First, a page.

Media Coverage for Women's Sport
Bury is a small town in Greater Manchester, which has no more sporting significance than any other town of its size. It has a cash strapped football team, newly relegated to League Two. It has also produced a few notable sporting personalities – footballer Gary Neville, sprinter Barrie Kelly and Olympic yachtsman Lawrie Smith. So far its sporting success have all been male.
Now Sport England, the body responsible for promoting sport in local communities, has made the town the centre of its ambitious attempt to recruit more women into sport.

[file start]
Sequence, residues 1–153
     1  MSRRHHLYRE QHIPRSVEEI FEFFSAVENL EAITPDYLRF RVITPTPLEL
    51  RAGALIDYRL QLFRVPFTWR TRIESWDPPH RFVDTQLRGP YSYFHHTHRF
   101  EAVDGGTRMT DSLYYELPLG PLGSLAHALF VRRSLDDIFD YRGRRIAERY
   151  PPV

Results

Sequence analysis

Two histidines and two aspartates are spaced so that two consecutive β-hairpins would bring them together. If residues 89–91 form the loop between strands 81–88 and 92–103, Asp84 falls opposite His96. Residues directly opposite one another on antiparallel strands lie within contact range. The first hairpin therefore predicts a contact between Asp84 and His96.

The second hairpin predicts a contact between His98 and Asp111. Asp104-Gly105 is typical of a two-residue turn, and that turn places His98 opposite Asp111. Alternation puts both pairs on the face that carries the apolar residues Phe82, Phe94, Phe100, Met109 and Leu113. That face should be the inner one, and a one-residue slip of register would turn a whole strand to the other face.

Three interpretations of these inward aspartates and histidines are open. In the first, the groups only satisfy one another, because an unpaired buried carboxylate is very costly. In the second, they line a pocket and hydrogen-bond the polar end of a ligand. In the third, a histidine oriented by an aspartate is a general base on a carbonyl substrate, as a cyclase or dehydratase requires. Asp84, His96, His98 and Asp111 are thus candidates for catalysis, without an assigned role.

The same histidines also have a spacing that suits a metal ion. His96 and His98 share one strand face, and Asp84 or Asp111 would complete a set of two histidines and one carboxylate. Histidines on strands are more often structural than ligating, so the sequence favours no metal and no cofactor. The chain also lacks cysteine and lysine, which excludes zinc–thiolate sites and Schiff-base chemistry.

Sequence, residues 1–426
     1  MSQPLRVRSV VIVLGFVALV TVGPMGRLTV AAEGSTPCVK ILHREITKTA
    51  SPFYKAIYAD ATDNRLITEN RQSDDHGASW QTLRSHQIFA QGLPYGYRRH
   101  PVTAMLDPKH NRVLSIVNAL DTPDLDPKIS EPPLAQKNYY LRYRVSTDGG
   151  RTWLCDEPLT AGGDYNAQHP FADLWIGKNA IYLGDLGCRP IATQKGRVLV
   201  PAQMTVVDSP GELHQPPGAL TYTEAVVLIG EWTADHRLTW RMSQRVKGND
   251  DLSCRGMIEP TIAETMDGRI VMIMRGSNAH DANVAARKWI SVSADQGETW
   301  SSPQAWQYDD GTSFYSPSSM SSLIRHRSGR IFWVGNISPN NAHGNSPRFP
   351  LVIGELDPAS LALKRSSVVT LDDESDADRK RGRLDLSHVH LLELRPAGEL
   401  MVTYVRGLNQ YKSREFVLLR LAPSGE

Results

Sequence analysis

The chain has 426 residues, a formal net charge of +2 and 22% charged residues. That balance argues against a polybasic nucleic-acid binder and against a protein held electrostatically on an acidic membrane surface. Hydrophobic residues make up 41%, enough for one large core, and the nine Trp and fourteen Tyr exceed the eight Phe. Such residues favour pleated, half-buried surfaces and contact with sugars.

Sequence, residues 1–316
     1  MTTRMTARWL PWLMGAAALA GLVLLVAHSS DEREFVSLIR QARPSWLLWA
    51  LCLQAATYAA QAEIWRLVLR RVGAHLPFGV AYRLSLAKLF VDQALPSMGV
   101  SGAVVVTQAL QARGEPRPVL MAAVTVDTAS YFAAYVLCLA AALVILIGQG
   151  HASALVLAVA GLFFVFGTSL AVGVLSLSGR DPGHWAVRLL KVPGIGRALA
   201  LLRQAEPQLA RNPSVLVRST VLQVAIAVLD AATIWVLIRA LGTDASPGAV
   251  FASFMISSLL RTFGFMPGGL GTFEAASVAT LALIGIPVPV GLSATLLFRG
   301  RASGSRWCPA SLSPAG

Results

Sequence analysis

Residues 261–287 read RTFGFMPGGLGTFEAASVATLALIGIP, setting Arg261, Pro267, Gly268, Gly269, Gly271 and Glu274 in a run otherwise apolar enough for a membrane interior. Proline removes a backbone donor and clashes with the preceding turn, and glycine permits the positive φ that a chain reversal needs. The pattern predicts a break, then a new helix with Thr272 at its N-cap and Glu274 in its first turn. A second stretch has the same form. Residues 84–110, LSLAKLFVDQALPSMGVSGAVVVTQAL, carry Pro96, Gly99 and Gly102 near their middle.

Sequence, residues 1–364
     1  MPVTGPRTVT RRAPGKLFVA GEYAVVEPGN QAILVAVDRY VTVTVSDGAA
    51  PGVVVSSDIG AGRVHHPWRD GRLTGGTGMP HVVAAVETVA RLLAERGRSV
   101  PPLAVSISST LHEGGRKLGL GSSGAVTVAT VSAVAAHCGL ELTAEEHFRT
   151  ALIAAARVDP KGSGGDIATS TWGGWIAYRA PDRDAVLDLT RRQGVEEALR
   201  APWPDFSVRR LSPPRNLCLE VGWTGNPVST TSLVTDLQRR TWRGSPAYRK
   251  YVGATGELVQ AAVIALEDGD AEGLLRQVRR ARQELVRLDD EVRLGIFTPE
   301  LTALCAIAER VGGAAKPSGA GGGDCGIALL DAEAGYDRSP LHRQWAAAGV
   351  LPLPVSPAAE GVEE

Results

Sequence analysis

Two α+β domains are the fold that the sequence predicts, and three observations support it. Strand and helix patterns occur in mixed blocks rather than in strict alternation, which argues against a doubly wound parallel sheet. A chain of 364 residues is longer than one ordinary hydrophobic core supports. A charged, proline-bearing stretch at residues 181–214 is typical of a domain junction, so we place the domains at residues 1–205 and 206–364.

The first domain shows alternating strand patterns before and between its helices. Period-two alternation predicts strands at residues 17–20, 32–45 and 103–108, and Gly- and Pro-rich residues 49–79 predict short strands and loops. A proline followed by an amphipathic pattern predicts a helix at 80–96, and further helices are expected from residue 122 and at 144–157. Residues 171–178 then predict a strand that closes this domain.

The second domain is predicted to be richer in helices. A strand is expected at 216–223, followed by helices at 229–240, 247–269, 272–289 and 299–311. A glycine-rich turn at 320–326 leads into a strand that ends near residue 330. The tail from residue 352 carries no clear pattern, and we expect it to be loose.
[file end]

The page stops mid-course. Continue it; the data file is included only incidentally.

Almost £2m of National Lottery funding will used to “rigorously test what works in changing the sporting habits of women and girls” and the lessons learned will be put into practice across the country.
So what activities will the women of Bury be able to take part in? Well, there are plans for school-gate rounders. They can also try their hands at Zumba (Latin dance aerobic workouts), aerobics and pilates. There will be ‘boot camps in parks’ and ‘group runs’.
Come on, mothers going to Zumba classes is not going to solve the bigger problem of why more women are not taking up sport.
Equally, asking busy mothers to fit in a game of rounders just before the school run is probably asking too much.
If we want to increase our number of elite sportswomen, we really need to look at the root of the problem, and that begins at adolescence.
We need to make major sports attractive for girls.
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